President Obama has a very carefully crafted public image, and he's willing to shut out his friends in the press to maintain it.
Over a long Presidents Day weekend, Mr. Obama hit the links for the 114th, 115th and 116th time in a little more than four years. He bunked at the Floridian National Golf Club in Palm Beach, an exclusive gated golf community, and the traveling White House reporters were not allowed to get any closer than a seat in a bus parked just inside the gate, with an unobstructed view of a humble maintenance shed. Each day reporters got only a single email from the White House, informing them who played with the president. (Not a word about who took the most frequent mulligans.)
On Saturday, Mr. Obama's foursome included Jim Crane, the owner of the golf club and of the Houston Astros and a big campaign donor. The White House noted that Tiger Woods' former swing coach, Butch Harmon, accompanied the group for several holes and provided tips along the way.
On Sunday, the press office didn't break the golf blackout until after 1:30 in the afternoon, after all the reporters had presumably returned from church services, when it announced the president was golfing with Tiger Woods. Golf Digest reported the president played 18 holes with the champ and another nine with other friends. Mr. Obama did his best to prevent anyone from seeing him with Tiger, with his staff firmly refusing even to allow a brief photo-op of the two men on the greens. Tiger has 75 wins on the PGA Tour, which is very impressive to men, but to women who vote, maybe not so much. Tiger was caught cheating on his wife, and women are not so free with their mulligans.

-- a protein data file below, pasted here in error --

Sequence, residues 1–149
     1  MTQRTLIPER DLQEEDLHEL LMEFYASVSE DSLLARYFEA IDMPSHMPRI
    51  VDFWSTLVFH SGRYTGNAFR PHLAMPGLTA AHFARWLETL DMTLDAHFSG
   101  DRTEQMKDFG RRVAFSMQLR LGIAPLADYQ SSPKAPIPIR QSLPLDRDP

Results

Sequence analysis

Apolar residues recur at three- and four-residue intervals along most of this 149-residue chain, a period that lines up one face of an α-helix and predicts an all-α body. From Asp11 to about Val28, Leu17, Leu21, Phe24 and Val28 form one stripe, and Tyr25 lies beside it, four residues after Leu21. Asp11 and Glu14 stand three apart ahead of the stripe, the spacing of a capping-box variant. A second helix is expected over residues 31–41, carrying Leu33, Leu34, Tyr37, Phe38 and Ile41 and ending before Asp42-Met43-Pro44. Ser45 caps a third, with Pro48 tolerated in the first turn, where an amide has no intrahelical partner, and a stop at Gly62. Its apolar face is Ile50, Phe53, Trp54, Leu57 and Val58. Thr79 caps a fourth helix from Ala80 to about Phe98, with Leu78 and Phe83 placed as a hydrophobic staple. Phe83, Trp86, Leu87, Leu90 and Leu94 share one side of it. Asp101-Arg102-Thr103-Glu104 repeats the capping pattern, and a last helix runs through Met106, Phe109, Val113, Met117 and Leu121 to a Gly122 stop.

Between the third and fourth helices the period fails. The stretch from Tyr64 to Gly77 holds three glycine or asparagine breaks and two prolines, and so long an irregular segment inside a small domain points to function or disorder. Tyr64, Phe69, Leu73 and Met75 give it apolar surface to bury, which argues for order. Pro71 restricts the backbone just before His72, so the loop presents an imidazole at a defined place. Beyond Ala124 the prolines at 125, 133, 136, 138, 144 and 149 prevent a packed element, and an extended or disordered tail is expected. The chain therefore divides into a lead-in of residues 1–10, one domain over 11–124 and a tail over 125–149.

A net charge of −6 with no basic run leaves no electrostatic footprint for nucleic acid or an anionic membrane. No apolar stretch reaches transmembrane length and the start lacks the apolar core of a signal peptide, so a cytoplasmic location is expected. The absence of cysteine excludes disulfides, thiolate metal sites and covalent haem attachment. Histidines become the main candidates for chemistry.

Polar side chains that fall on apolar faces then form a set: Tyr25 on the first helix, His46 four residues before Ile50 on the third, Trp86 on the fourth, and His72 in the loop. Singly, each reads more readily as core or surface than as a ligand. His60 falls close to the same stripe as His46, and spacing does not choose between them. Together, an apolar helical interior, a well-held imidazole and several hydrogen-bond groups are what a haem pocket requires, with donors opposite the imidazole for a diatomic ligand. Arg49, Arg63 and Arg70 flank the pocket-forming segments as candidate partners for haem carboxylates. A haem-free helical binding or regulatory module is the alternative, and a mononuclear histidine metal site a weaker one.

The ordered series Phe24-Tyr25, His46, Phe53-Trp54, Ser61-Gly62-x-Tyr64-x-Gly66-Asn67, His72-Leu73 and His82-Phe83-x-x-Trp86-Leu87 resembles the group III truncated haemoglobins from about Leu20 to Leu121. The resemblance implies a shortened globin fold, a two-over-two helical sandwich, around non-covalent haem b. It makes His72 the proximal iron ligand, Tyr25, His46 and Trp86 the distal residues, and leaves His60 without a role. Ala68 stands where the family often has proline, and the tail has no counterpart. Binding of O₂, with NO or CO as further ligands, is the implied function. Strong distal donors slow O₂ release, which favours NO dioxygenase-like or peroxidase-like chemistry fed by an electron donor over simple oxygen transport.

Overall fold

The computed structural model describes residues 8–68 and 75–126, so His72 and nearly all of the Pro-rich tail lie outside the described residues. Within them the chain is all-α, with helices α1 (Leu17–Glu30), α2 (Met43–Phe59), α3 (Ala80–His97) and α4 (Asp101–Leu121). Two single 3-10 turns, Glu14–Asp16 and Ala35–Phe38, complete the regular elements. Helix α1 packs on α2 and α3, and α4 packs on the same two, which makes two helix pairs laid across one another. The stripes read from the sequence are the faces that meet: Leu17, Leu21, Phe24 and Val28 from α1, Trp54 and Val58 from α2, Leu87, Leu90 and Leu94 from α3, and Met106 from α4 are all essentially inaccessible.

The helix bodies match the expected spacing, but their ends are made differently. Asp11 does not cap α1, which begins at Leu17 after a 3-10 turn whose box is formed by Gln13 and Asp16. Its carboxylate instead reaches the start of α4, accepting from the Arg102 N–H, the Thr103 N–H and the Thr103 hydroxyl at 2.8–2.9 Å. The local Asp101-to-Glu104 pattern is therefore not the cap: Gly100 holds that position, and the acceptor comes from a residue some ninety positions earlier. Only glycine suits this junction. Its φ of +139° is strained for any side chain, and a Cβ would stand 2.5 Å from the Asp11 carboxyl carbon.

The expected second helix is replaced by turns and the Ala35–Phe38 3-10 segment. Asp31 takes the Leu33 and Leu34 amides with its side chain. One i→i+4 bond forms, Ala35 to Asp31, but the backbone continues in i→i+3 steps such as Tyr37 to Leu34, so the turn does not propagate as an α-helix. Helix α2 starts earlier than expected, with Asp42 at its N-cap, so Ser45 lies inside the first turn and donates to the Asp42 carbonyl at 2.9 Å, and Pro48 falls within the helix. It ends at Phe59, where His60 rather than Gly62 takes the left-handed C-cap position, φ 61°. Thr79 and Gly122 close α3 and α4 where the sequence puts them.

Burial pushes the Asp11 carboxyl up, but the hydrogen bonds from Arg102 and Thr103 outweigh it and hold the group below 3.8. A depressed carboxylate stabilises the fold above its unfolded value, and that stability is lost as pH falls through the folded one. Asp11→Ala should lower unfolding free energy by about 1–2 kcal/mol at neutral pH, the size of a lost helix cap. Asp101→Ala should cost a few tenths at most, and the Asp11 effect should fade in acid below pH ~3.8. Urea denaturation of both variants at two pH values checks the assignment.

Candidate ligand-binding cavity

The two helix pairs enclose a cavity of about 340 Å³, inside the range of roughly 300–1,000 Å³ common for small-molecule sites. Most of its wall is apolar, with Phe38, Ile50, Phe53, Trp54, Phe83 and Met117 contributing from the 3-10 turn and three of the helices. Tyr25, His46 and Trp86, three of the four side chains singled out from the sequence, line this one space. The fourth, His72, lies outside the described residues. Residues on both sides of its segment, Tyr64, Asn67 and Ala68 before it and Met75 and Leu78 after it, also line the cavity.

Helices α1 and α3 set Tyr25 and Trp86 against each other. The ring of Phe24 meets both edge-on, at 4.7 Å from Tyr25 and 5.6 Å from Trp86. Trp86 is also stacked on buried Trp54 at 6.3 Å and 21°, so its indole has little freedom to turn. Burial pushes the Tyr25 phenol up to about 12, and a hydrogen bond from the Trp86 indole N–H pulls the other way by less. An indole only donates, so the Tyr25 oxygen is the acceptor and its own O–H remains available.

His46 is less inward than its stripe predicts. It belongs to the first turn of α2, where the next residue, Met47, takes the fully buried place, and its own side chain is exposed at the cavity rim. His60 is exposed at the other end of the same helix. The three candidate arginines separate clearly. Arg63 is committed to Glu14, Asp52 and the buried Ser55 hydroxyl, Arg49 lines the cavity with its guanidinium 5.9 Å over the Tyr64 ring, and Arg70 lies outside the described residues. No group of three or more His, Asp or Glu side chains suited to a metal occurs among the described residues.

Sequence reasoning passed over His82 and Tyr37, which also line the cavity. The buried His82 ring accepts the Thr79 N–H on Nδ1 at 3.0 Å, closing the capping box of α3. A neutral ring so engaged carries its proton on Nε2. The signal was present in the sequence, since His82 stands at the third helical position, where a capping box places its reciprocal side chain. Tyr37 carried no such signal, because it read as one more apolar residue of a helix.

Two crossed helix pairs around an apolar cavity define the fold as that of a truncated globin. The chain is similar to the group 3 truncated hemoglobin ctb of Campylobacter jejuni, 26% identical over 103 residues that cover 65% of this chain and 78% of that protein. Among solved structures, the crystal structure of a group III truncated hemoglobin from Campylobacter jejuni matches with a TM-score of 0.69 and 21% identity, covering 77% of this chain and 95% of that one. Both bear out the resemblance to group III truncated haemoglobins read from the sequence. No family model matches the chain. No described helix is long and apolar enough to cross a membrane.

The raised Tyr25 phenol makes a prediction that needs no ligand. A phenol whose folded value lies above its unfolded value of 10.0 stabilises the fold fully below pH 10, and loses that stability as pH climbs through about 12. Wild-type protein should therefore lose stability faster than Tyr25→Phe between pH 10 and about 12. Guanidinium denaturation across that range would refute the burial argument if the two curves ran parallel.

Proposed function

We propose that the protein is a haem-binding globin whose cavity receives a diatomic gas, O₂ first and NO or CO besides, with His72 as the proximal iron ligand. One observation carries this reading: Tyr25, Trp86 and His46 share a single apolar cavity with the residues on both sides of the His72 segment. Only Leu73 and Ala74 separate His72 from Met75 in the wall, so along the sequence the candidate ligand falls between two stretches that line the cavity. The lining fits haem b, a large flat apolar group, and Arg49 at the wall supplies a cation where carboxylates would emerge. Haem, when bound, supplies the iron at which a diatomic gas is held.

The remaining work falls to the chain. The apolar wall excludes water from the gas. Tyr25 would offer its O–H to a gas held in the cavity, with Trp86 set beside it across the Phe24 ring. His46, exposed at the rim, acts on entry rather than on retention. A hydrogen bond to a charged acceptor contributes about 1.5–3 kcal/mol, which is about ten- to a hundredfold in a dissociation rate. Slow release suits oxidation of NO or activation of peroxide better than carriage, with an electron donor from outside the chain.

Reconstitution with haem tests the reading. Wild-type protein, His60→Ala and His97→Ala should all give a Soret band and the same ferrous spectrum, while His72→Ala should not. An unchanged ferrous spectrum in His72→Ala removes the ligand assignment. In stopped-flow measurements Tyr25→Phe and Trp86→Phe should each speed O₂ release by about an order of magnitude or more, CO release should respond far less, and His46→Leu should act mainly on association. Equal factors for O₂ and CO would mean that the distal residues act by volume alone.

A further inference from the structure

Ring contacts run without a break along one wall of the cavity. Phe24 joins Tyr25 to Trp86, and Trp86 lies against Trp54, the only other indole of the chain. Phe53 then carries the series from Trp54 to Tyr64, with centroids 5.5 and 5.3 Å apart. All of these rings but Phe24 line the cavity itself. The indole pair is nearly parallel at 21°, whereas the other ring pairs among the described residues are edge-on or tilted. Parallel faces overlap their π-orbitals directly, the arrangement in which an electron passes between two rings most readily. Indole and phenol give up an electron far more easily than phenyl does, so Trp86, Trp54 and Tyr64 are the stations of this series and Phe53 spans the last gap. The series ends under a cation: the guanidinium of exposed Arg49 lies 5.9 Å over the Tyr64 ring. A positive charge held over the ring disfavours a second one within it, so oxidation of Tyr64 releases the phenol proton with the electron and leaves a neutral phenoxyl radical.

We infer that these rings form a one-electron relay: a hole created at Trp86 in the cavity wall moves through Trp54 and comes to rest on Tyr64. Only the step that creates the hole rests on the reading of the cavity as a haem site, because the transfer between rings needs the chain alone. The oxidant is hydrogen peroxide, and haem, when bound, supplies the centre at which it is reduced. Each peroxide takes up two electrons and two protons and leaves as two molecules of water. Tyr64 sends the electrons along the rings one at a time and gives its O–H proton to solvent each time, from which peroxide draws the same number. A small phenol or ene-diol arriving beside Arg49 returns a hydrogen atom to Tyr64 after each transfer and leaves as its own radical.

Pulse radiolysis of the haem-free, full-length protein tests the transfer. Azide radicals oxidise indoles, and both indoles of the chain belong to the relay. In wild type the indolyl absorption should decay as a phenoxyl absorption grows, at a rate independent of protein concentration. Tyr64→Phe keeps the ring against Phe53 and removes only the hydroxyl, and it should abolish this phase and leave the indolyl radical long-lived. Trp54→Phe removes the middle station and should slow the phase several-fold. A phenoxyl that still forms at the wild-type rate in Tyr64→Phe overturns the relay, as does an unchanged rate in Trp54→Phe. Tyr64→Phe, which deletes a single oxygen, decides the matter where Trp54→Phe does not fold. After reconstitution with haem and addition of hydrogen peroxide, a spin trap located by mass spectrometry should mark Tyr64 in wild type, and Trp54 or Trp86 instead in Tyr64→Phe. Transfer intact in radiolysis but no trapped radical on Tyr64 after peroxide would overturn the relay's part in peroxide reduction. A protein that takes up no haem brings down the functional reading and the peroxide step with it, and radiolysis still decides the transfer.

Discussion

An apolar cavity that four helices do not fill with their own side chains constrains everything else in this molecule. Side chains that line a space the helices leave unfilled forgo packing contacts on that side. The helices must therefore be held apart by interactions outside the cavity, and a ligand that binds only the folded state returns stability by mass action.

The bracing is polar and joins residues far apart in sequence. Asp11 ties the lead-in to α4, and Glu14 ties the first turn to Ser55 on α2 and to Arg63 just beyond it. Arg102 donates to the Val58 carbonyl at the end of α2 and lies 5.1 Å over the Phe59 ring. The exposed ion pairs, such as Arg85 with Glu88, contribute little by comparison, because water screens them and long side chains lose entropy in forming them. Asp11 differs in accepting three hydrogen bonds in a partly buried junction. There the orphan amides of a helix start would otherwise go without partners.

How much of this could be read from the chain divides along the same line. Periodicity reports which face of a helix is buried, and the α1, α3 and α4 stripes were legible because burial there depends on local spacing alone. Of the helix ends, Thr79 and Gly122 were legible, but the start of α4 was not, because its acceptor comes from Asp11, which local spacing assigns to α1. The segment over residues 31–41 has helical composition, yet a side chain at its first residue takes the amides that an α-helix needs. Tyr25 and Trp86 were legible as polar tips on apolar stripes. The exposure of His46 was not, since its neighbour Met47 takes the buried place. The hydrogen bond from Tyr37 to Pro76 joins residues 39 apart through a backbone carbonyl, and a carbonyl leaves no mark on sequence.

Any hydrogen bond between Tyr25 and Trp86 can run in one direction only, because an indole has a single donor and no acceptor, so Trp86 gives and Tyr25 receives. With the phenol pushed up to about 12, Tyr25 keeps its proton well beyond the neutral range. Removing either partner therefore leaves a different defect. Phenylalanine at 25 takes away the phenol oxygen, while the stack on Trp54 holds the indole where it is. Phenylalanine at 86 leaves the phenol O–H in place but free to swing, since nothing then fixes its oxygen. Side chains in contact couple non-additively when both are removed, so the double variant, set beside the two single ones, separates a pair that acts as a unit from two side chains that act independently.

Ed Henry of Fox News, president of the White House Correspondents' Association, took the president to task for shutting out the reporters. Mr. Henry wrote a letter to complain to the White House, and said his colleagues "expressed extreme frustration to me about having absolutely no access to the president of the United States this entire weekend." A White House spokesman replied that the "press access" offered -- i.e., the bus at the gate -- is consistent with "previous golf outings," which is to say, almost not at all.
On Monday, the reporters were pushed further away, outside the compound to wait until the motorcade rolled to the airport for the return to Washington. To the media's frustration, Mr. Obama talked to the pool reporters aboard Air Force One, but it was off the record. Still no word about the mulligans.
The president often hides get-togethers that he thinks wouldn't please the public. In December, he called in the distinguished and erudite commentators Rachel Maddow, the Rev. Al Sharpton and Lawrence O'Donnell of MSNBC -- Chris Matthews was said to be attending to crawly things on his leg -- and the meeting became public only when the network's host, Ed Schultz, couldn't resist tweeting about it. Twitter, in fact, was how reporters found out about the president's turn at the electric slide in the East Room and how he danced barefoot in the Rose Garden on his 50th birthday with Stevie Wonder, Chris Rock and Tom Hanks. Only after White House visitor logs became public in late 2009 did reporters find out that George Clooney, Brad Pitt, Oprah Winfrey, Jennifer Lopez and the Jonas Brothers, among others, had been hanging out at 1600 Pennsylvania Avenue.
So much for the "most transparent administration in history." This president grants access to friendly reporters when it serves his purposes. It wouldn't be cool to be seen malingering from the class war to living it up with the rich and famous. Every president is entitled to privacy when he's on vacation, but taxpayers deserve to know when he's partying at their expense. And about the mulligans.
The Washington Times
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